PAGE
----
Now, it’s, ‘Lindsay, this is who you are, and this is what you believe. That’s the path that you walk on.’
Kira: Yeah. I know when we first started talking about frameworks and your framework, you were against frameworks and you were, like your inner contrarian came out, which we love so much about you. You’re just like, ‘I don’t really believe in frameworks.’
Rob: There’s the anti-framework framework.
Kira: Right. Right, and it’s evolved over time. What advice would you give to other copywriters who maybe do see the value in this and creating their own framework, but struggle to figure out how to even step forward and start creating their framework?
Lindsay: Yeah. It is funny because I was. I did think I was anti-framework, and then I remember having a conversation with either both of you or just one, and I said, ‘It’s not really that. It’s that people over-rely on the framework, and then it dilutes their genuine, authentic selves,’ and so that’s what it is for me, that, yeah, that you need to treat the framework as the guide, rather than the thing that actually defines, and so for other copywriters who are looking for a way, I guess my suggestion would be to start with, ‘What is your why?’ That’s not my question.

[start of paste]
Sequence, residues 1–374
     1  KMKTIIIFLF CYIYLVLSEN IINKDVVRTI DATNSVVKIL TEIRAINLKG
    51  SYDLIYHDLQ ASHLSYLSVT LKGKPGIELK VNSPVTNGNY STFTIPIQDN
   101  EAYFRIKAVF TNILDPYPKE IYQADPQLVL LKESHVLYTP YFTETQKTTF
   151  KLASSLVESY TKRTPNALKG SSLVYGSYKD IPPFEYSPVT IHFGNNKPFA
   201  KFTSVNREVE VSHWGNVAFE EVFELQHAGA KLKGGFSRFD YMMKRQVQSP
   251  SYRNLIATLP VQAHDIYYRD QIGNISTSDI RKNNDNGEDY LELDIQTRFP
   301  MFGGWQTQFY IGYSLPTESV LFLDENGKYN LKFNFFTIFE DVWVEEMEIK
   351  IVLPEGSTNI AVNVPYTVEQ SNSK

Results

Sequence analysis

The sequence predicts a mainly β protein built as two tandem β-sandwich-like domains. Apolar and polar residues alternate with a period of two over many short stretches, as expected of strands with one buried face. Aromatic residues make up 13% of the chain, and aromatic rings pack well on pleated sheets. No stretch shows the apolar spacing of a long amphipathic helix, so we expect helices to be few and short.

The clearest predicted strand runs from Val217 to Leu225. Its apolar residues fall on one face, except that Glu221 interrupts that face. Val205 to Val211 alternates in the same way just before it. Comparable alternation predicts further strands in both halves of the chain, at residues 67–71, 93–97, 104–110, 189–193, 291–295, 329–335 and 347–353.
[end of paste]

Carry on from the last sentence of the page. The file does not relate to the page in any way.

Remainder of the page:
That’s, originates from Simon Sinek, and maybe it originates beyond him. I don’t know, but to start with that, to do that deep work and to say, ‘What is my why?’, and really, that process goes back to rooting in phenomenology, and so you have to kind of do five steps to answer those three questions, ‘What is my why?’, ‘What’s missing from my market?’, and, ‘What can I do to make an impact?’ Those are questions that are hard to do alone, so you really need somebody else to help talk you through these because we’re too close. We’re too close to our own lives to be able to see some of these things, and so you need to be able to step back and have somebody else peer in with you, so you have to slow down and identify, ‘What is it that commits you to your world and to your market?’ That is really what your why is.